Japanese girl takes a nude walk at dorms.
And about two million Nameless Ones. We steer clear of each other for the most part. American Vampires such as myself stay in Vampire strongholds like the cities of Atlanta, the District of Columbia, Detroit, Oakland, Miami, Cleveland, Philadelphia, Houston and others. Boston is ruled by a sturdy bunch of Irish, African-American, Asian and Italian Vampires, and my dealings with them have been cordial, though tense at times. They're wary of other Vampires because some of us have turned against our own kind by working for the Nameless Ones. I'd sooner perish rather than to betray my own kind. In the old days, it was every Vampire's oath. Now, we couldn't even trust our own people anymore. How times have changed.
In the city of Boston, I've recently encountered an anomaly. One of the Nameless Ones who stands apart from the rest because he doesn't feed on humans. His name is Patrick Wilson Chang. A Chinese-American businessman who's the multi-millionaire CEO of one of Boston's biggest shipping companies. I've watched this man for ages, and he is doing something none of the Nameless do. He's growing old, because he won't take any human life force. I've been watching him for a long time. He's the strangest creature I've ever seen. One day, out of curiosity I cautiously approached him at his residence. I was ready to slay him if he threatened me. Whether he was on a diet or not, he was still one of them and I was still a Vampire. Immortal enemies.
The strangest thing happened that day. Rather than fight, Patrick Wilson Chang and I talked. Like I said, I couldn't believe it, and I was there. I learned a lot about that creature, what he was and what he'd become. Patrick Wilson Chang, nee Jong Li in Imperial China, around 275 B.C. He'd been many things in his time. A warlord, an emperor, a wealthy merchant, a sorcerer, a pirate and a rogue ninja. Always he'd been a powerful individual who commanded the fear and respect of many. In twenty-first century America, he was a reclusive multi-millionaire. One of the pillars of Boston's fast-growing and decidedly affluent Chinese-American community. Officially, he was one of the city's good guys. He'd donated a lot of money to the University of Massachusetts-Boston, which found itself financially strapped during the recession. He was good friends with the Mayor, the Governor and the city's Asian, African-American, Irish and Italian power elites. A respected businessman and philanthropist. Yet he was also a monster who fed on the life force of human beings in order to live forever. What led him to stop feeding?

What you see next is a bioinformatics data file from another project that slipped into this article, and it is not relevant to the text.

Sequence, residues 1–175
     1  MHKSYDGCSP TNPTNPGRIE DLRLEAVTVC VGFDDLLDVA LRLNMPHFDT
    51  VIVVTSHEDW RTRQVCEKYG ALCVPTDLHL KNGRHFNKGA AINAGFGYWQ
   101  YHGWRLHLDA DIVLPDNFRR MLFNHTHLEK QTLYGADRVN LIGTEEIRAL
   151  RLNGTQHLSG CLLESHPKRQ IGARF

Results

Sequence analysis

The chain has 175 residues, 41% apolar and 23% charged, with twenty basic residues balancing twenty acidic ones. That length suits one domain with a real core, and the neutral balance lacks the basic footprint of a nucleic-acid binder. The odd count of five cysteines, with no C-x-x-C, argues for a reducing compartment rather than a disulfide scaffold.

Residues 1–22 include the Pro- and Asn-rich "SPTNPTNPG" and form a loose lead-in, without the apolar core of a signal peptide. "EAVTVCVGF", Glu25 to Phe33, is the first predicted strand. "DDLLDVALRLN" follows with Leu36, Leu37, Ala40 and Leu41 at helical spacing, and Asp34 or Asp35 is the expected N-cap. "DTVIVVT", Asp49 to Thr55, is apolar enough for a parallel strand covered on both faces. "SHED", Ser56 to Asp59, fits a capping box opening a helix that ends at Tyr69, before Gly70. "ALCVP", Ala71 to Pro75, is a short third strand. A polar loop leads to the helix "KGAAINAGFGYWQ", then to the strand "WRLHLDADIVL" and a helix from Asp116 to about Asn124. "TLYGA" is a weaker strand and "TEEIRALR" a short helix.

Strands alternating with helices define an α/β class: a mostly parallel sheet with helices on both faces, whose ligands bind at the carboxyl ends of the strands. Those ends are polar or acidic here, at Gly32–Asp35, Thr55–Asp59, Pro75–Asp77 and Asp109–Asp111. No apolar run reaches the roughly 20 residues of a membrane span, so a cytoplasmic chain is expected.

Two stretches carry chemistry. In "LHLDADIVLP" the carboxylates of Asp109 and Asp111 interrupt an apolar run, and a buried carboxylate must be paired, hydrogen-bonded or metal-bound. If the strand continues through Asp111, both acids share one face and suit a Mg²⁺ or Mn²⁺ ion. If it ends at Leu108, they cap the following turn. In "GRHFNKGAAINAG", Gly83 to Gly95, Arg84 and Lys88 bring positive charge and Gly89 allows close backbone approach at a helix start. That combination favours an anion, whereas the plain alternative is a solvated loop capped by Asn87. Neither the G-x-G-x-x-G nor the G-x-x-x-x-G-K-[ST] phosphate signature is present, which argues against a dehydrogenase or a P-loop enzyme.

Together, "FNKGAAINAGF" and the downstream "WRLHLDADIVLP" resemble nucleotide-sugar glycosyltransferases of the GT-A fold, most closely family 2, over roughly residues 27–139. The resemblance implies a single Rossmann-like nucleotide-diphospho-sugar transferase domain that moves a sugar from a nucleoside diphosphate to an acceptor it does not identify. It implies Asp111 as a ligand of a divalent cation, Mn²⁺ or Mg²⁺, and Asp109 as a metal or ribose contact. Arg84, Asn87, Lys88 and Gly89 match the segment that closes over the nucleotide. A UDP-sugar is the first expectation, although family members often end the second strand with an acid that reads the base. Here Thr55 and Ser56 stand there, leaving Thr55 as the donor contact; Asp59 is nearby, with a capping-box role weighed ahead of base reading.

Patrick Wilson Chang explained to me how his life changed one day. During the early 1970s, he was ruthlessly climbing the American corporate ladder and met a beautiful Jamaican-American executive named Jessica Glory. One of the first Black female students to graduate with a Boston College MBA, she took the corporate world by storm. Jessica fascinated Patrick Wilson Chang like no other human ever had. They began dating, and to his amazement, he found himself falling in love with her. To the point of trusting her with his secret. When he told me this, I was stunned. As a rule, we immortals don't tell humans about our immortality. Vampires don't tell humans about themselves, and neither did the Nameless Ones. Patrick broke a fundamental rule of his kind by sharing the secret of his immortality with the lively young Black woman he'd fallen in love with. Amazingly, Jessica Glory understood. She kept Patrick's secret, and became his wife.
If lightning could have struck me when Patrick said that, I wouldn't have been more shocked.